REVIEW. A Secret Life. The Polish Colonel, His Covert Mission, And The Price He Paid To Save His Country

IG13549-1

By Benjamin Weiser. New York: Public Affairs, 2004. 383 pages.

Espionage is the staple of intelligence fiction. In reality, espionage provides a very small part of intelligence collection, much more of it coming from technical sources.

But the right spy in the right place with good access can be crucial.

And, as most intelligence practitioners will acknowledge, the most useful spies tend to be "walk ins," spies who volunteer rather than being recruited. Aldrich Ames, Robert Hanssen, and several others "walked in" to the Soviet Union; Oleg Penkovsky and Ryszard Kuklinski "walked in" to the United States.

Kuklinski, a Polish General Staff officer, became convinced that he was on the wrong side in the Cold War and that Poland was a poorly treated Soviet vassal, not a truly independent state. He believed that spying for the U.S. was an act of Polish patriotism.

Bernard Weiser's A Secret Life is a well-written account of Kuklinski's life. Weiser is especially good on what motivated Kuklinski to become a spy. The Soviet-led invasion of Czechoslovakia in 1968 and the subservience of all Warsaw Pact militaries to an evidently aggressive Soviet military were major factors. Kuklinski comes across as patriotic, moral, and driven. On several occasions his CIA handlers suggested that he suspend his activities, either to allay suspicion or to give Kuklinski a rest. Kuklinski would agree but would go on copying crucial documents nonetheless, providing a voluminous trove over seven years.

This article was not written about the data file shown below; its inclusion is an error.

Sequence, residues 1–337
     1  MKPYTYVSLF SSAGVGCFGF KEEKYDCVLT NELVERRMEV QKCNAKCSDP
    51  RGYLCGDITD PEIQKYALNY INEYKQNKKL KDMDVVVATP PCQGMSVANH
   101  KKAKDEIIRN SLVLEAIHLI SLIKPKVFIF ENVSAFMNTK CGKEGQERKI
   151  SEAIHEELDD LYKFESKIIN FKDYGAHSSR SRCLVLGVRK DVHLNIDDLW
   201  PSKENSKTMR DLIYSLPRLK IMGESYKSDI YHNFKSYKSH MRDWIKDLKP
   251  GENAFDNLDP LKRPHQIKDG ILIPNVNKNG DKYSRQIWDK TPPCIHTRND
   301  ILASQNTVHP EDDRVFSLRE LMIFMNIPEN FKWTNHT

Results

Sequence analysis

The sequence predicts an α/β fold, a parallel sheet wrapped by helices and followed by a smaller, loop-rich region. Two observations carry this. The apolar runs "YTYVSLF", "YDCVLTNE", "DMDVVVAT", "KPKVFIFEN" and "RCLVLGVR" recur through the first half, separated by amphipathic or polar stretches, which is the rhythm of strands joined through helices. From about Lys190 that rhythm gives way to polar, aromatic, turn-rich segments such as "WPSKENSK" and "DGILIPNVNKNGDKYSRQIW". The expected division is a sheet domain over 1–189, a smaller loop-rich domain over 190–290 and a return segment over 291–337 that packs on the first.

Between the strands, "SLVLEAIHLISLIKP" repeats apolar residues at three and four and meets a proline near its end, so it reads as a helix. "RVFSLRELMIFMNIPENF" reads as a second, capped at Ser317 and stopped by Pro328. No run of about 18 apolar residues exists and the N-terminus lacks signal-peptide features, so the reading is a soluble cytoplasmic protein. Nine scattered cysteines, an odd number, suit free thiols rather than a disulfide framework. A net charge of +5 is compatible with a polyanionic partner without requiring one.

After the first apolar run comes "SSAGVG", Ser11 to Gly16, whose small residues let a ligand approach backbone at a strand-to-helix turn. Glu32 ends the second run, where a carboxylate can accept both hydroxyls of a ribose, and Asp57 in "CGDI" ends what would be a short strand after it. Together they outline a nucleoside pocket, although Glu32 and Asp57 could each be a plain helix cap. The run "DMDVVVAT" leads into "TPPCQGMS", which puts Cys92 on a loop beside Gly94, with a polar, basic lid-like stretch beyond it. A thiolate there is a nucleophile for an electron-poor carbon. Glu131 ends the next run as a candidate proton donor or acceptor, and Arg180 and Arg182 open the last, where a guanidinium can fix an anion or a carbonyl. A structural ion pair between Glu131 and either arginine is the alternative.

Weiser's book is based on CIA files and interviews. He handled the issue of access to classified material rather deftly, getting the CIA to allow a retired officer to read the files and pull material, which the CIA then reviewed and passed to Weiser. Thus, Weiser could write from documents without worrying that he was including something that he could not use or might have inadvertently committed to memory. Some of the quotes from documents seem a bit long but the sources are solid and there is abundant espionage "tradecraft."

A key component of Kuklinski's story..

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